Altered Original Dies: Dies made from original dies that have been modified to create a different issue (i.e. 1804 so-called Restrikes cents struck from a discarded 1803 obverse).
Copy Dies: Dies made at some point after the original dies that imitate the original dies, but differ slightly in detail.
Transfer Dies: Dies made from either the original dies (i.e. Bashlow Confederate cents) or from an original coin (i.e. 1861 Clark Gruber double eagles).
Private Strikes and Restrikes currently recognized by PCGS
American Plantation 1/24 Real Restrike (original dies, Struck circa 1860s) so-called Restrike from original, sometimes broken and rusted dies
1787 Fugio Coppers (Copy Dies, Struck circa 1860s) so-called New Haven Restrikes from copy dies, struck privately circa 1850s.
1796 “Edwards Copy” Half Cent (copy dies, Struck prior to 1865) privately made copy
1811 1/2C (Original Dies, Struck circa 1860s) so-called Restrike half cent from original dies, rusted, obverse of 1811 with 1800 reverse, struck privately circa 1860s.
1804 1C (Altered Original Dies, Struck circa 1860s) so-called Restrike large cent from original dies, rusted, obverse altered from an 1803, 1820 reverse, struck privately circa 1860s.
1810 Large Cent Restrike in Tin (Original Dies, Struck circa 1860s) so-called Restrike from original, rusted 1810 obverse and a rusted 1820 reverse
1823 1C (Original Dies, Struck circa 1860s) so-called Restrike large cent from original dies, rusted dies, polished, obverse of 1823 with an 1813 reverse, struck privately circa 1860s in copper and silver.
1861 Confederate Restrike 1C (Original Dies, Struck 1874) Restrike of Lovett's Confederate cent from original dies, later cracking, struck by John Haseltine in 1874 (55 copper, 12 silver, 7 gold before cracking).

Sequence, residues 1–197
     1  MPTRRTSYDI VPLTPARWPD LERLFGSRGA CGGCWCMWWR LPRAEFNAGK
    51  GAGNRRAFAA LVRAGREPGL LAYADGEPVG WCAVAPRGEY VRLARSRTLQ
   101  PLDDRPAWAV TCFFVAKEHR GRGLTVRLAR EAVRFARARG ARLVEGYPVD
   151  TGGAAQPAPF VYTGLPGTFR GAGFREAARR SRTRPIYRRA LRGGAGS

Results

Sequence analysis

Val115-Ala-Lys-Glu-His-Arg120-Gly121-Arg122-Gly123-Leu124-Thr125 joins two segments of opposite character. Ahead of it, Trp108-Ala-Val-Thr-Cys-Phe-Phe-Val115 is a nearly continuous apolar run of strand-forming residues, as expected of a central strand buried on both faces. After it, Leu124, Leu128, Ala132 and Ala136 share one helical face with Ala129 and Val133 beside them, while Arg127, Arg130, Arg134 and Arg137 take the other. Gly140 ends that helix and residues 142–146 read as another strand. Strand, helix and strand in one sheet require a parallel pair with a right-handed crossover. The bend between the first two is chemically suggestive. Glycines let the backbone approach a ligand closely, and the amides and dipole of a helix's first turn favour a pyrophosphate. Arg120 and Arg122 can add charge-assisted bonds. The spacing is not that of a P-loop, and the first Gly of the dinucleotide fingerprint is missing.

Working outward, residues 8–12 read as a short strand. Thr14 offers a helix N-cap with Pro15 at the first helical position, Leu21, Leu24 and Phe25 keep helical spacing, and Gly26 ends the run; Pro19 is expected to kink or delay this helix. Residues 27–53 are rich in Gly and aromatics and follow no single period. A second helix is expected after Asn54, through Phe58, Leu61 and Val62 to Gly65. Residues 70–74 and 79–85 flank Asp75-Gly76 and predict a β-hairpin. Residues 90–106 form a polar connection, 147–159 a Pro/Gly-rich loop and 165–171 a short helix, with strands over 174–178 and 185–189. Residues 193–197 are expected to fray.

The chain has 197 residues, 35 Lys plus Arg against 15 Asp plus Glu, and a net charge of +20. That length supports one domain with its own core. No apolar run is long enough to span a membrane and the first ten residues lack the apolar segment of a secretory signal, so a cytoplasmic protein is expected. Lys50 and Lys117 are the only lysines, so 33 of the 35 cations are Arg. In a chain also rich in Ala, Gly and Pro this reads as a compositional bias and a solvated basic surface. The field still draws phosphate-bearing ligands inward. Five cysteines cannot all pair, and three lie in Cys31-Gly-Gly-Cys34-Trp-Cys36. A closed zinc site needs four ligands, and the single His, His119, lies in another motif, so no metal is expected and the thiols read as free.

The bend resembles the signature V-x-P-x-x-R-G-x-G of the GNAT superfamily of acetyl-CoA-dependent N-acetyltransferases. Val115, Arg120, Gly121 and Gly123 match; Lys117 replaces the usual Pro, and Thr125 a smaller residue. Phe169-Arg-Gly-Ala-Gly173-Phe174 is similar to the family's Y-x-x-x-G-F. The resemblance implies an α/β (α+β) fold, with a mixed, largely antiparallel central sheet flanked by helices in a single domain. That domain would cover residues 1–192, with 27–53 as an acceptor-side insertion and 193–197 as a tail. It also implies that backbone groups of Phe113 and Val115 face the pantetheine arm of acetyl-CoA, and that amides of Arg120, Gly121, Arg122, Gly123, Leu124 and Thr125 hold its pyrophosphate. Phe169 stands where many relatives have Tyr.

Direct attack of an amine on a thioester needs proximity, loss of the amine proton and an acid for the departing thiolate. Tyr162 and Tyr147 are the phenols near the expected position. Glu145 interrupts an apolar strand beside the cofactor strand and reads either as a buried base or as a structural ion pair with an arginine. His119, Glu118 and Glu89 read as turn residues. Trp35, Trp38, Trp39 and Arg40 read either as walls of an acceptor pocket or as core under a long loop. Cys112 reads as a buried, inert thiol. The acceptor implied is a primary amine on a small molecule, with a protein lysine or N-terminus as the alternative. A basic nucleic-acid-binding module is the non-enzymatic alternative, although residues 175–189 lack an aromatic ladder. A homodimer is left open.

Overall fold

1861 Confederate Strike 1C (Transfer Dies, Struck 1950s) so-called second Restrike, but actually a private strike of Lovett's Confederate cent from transfer dies, struck by Robert Bashlow circa 1950s in gold, silver, copper, and white metal.
1861 Confederate Restrike 50C (Original Dies, Struck 1879) so-called Restrike of the Confederate half dollar from 1861-dated Federal half dollars, reverses planed down with original Confederate reverse die by Scott Stamp and Coin in 1879.
Mass and Cal $5 (Copy Dies, Struck circa 1900s) so-called Restrike half eagles from copy dies, struck privately circa 1900s.
Bechtler Restrike $5 (Original Dies, Struck circa 1900s) half eagle from original dies, polished, struck privately in the US Mint on planchets supplied by the Henry Chapman circa 1908
1849 Oregon Restrike $5 and $10 (Original Dies, Struck 1961) half eagle and eagle from original dies, sometimes with a small shield with a K (for Klein Jewelers) struck privately in 1961 in gold, copper (half eagle only), and white metal (per Don Kagin, these might not exist).
(1861) J.J. Conway Restrike $2 ½ and $10 (Original Dies, Struck 1956) quarter eagle and eagle from original dies, struck privately in 1956 in goldine.
1862 J. & R. Smith/J.J. Conway Restrike $5 (Original Dies, Struck 1956) half eagle from original dies, obverse of J & R Smith with J.J. Conway reverse, struck privately in 1956 in goldine.
1850 Baldwin & Co. (Horseman) $10 (Copy Dies, Struck circa 1900s) Baldwin eagle with Horseman from copy dies, struck privately circa early 1900s.
1861 Clark Gruber $20 (Transfer Dies, Struck circa 1960s) double eagle overstrike forgeries on various genuine coins from transfer dies, struck privately circa 1960s.
1853 Assay $20 (Transfer Dies, Struck circa 1960s) double eagle forgeries from transfer dies, struck privately circa 1960s.